Bottom Line: The graphene ink is produced via ultrasonic assisted liquid phase exfoliation in isopropyl alcohol (IPA) using polyvinyl pyrrolidone (PVP) polymer as the stabilizer.When the sensors are exposed to relative humidity ranging from 10-80%, we observe significant changes in resistance with increasing sensitivity from the amount of graphene in the inks.Our sensors show excellent repeatability and stability, over a period of several weeks.

View Article: PubMed Central - PubMed

Affiliation: Department of Physics, Indian Institute of Technology, Kharagpur, 721302, India.

ABSTRACT
We report on the integration of inkjet-printed graphene with a CMOS micro-electro-mechanical-system (MEMS) microhotplate for humidity sensing. The graphene ink is produced via ultrasonic assisted liquid phase exfoliation in isopropyl alcohol (IPA) using polyvinyl pyrrolidone (PVP) polymer as the stabilizer. We formulate inks with different graphene concentrations, which are then deposited through inkjet printing over predefined interdigitated gold electrodes on a CMOS microhotplate. The graphene flakes form a percolating network to render the resultant graphene-PVP thin film conductive, which varies in presence of humidity due to swelling of the hygroscopic PVP host. When the sensors are exposed to relative humidity ranging from 10-80%, we observe significant changes in resistance with increasing sensitivity from the amount of graphene in the inks. Our sensors show excellent repeatability and stability, over a period of several weeks. The location specific deposition of functional graphene ink onto a low cost CMOS platform has the potential for high volume, economic manufacturing and application as a new generation of miniature, low power humidity sensors for the internet of things.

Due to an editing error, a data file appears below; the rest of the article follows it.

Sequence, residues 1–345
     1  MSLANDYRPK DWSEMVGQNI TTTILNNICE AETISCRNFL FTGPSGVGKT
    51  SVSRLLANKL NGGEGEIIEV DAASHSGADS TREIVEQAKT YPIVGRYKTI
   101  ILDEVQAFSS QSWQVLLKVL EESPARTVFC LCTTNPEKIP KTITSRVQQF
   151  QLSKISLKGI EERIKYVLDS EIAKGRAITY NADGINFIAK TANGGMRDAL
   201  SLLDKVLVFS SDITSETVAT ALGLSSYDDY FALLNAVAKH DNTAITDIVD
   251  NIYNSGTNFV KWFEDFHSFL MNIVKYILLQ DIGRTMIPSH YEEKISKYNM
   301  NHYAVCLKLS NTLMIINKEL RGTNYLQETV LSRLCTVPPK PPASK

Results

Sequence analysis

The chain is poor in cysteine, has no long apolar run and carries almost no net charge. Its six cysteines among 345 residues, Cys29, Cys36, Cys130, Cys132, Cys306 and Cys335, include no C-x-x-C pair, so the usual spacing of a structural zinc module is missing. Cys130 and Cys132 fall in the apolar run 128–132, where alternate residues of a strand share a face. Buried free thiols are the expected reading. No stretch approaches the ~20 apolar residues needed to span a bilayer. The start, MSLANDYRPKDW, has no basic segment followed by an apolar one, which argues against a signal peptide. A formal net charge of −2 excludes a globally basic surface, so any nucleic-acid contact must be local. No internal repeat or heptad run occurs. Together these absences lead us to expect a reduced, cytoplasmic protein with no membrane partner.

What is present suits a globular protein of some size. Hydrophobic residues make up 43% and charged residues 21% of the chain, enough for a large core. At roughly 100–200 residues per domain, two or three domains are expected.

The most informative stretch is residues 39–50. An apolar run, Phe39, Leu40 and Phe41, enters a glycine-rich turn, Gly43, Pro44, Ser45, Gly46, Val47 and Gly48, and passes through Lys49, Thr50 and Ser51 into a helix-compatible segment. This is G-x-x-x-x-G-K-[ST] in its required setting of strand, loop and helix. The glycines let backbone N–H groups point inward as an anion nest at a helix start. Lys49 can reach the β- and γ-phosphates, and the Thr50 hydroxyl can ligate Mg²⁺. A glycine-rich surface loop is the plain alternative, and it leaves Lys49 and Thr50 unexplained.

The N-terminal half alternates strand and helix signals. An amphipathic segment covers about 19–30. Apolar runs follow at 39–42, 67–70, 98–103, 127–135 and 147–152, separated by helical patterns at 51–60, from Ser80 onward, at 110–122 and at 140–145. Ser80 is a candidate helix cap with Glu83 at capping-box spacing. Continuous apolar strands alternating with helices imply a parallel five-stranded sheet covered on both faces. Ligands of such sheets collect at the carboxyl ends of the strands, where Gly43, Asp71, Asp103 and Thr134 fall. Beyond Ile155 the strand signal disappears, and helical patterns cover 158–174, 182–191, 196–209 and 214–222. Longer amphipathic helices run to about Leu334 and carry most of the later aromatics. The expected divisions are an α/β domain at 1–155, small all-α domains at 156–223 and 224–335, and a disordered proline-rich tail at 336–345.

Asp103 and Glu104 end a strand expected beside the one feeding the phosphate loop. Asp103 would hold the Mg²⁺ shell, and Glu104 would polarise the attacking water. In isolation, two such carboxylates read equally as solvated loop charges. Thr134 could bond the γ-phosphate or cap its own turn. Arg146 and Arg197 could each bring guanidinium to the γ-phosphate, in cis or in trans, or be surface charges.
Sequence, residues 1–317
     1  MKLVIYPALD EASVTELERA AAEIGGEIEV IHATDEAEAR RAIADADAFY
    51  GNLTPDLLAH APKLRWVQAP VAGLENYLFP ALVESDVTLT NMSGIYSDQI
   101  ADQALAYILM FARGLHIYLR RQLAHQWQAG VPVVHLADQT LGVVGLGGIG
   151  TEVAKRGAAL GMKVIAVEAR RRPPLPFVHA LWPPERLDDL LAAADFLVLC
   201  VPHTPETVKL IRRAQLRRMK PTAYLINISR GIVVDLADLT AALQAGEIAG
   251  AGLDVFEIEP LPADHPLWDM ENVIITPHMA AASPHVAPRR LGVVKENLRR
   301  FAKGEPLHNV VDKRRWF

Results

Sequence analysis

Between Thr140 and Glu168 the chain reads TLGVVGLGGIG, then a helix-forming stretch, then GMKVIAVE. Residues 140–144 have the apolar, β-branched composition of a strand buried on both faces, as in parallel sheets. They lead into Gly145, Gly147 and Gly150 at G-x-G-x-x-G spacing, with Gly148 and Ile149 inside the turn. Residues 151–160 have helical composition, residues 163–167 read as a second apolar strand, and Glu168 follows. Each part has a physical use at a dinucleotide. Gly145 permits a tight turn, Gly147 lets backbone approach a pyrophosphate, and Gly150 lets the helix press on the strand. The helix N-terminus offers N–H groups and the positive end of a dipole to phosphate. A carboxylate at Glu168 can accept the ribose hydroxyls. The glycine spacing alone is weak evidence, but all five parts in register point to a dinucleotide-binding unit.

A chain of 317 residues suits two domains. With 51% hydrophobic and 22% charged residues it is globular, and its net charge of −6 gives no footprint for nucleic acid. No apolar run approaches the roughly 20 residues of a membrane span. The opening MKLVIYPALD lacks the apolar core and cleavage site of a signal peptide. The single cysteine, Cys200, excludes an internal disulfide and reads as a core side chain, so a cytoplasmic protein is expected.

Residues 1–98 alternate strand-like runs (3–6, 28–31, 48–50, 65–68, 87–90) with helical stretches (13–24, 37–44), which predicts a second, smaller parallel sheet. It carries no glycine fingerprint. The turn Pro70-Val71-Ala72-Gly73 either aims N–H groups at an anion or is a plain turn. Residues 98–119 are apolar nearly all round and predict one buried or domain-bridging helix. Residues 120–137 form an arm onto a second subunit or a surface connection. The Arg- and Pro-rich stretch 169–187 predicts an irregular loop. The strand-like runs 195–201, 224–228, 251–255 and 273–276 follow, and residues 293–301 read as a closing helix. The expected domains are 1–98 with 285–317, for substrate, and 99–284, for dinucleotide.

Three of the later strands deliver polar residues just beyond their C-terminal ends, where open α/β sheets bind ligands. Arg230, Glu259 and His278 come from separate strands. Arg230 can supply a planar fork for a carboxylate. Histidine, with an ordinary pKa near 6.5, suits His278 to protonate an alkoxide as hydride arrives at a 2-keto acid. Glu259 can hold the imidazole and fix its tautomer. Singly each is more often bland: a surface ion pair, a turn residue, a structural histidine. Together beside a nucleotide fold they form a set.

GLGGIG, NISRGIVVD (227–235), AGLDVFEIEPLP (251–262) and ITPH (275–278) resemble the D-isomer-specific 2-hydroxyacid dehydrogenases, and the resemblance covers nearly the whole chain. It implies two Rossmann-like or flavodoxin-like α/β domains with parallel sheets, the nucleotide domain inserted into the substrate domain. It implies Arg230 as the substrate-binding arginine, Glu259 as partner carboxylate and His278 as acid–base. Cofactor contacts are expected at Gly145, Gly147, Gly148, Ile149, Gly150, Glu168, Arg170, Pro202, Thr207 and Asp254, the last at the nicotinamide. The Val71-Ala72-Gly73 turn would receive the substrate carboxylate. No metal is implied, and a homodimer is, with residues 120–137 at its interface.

No MeSH data available.


Related in: MedlinePlus